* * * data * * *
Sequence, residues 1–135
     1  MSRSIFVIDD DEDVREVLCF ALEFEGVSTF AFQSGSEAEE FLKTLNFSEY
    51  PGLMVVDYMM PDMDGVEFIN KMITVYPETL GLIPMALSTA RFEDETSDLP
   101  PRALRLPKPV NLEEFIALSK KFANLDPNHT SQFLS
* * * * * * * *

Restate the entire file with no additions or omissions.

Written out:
Sequence, residues 1–135
     1  MSRSIFVIDD DEDVREVLCF ALEFEGVSTF AFQSGSEAEE FLKTLNFSEY
    51  PGLMVVDYMM PDMDGVEFIN KMITVYPETL GLIPMALSTA RFEDETSDLP
   101  PRALRLPKPV NLEEFIALSK KFANLDPNHT SQFLS